Evan Parker/Django Bates – review

Vortex, London

"There's been a bit of a misunderstanding," pianist Django Bates brightly announced. "We thought we were guests of Evan's, and he thought he was a guest of ours." Contemporary-sax trailblazer Evan Parker had been invited to curate a five-night Vortex season for musicians he likes (from Oxford keyboard firebrand Alexander Hawkins to the tireless octogenerarian Stan Tracey) but a liaison with Bates's remarkable Beloved Bird trio was bound to be one of the most tempting prospects of the run.

Bates's trio with bass-and-drums partnership Petter Eldh and Peter Bruun delivered one of the great jazz albums of 2010 with its Charlie Parker interpretations on Beloved Bird. The "misunderstanding" was down to Parker's modest conviction that the crowd ought to hear those visionary rearrangements unimpeded. In the event, they made a compellingly varied show together. Tentative opening moments quickly turned to a maelstrom, with Parker's tenor sax delivering gruff eddies of sound and exclamations over Bates's runs and the agile pulse of Eldh and Bruun. The alertness with which the two jazz stars adapted their phrasing to each other was astonishing, and extended to abstract reinvention of the jazz ballad, too.

In the second set, the saxophonist sat at the side of the stage for a while, smiling at the tempo juggles, headlong bebop and hard-packed theme statements of Charlie Parker's Scrapple from the Apple and Moose the Mooche, some of the most inventive reappraisals of his work ever conceived. Parker resisted Bates's invitation to join a jaunt through Hot House, but when Bates swapped piano for tenor horn, the two set off on an exuberant dialogue that was nearly straightahead swing.

• This article was amended on 1 February 2011. The original said that Bates swapped piano for English horn. This has been corrected.

Contributor

John Fordham

The GuardianTramp

Related Content

Article image
Empirical/Django Bates/Evan Parker review – jamming tribute to Jazz on 3
Radio presenter Jez Nelson’s final BBC recording brought out a fizzy lineup of British talent to bid his influential show farewell

John Fordham

01, Mar, 2016 @2:08 PM

Django Bates | Jazz review
Vortex, London
British pianist Django Bates began Charlie Parker's Moose the Mooche theme as a rumble at the piano's bottom end, and had it hover insinuatingly there before the uptempo floodgates opened, writes John Fordham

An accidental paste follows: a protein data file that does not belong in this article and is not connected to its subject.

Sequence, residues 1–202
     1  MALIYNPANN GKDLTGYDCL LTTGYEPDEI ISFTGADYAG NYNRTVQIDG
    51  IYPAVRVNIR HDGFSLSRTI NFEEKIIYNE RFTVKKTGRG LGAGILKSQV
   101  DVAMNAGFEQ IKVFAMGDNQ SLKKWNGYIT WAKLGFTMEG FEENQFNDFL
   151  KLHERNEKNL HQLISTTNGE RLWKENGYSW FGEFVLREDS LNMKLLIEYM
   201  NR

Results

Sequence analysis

John Fordham

14, Apr, 2010 @8:45 PM

Django Bates 50th Birthday | Jazz review
Kings Place, London
The British jazz star may be 50 but his torrential synth-playing and ensemble's park-on-a-dime precision are still dazzling, writes John Fordham

John Fordham

06, Oct, 2010 @8:59 PM

Jazz review: Django Bates stoRMChaser, Kings Place, London

Kings Place, London
Off the beat music which hurtles dizzyingly into space, writes John Fordham

John Fordham

20, Oct, 2008 @11:42 AM

Evan Parker/Stan Tracey/Clark Tracey – review
These three all-improv sets, as two duos and a trio, were well worth witnessing, writes John Fordham

John Fordham

31, Jul, 2012 @5:34 PM

Article image
Django Bates: Saluting Sgt Pepper review – jazz maverick's winning Beatles tribute
The unruly composer and the Frankfurt Radio Big Band began tentatively but soon let fly on an exhilarating reimagining of the Fab Four’s album

John Fordham

05, Sep, 2017 @3:04 PM

Article image
Evan Parker and the Necks review – delicate display of give and take
Sax innovator Parker celebrated his 70th with a birthday gig that highlighted his talent as both leader and follower, writes John Fordham

John Fordham

21, Oct, 2014 @2:17 PM

Django Bates: Confirmation – review
This excellent followup to his 2010 Charlie Parker tribute has a more even mix of covers and Bates' own themes, writes John Fordham

John Fordham

13, Sep, 2012 @8:37 PM

Django Bates: Like Life – review
An album of some of Bates's most characteristic pieces performed by his partners and the Danish Radio Jazz Orchestra, writes John Fordham

John Fordham

04, Aug, 2011 @8:31 PM

Django Bates, Hackney Empire, London

Hackney Empire, London.

John Fordham

27, Jul, 2005 @10:59 PM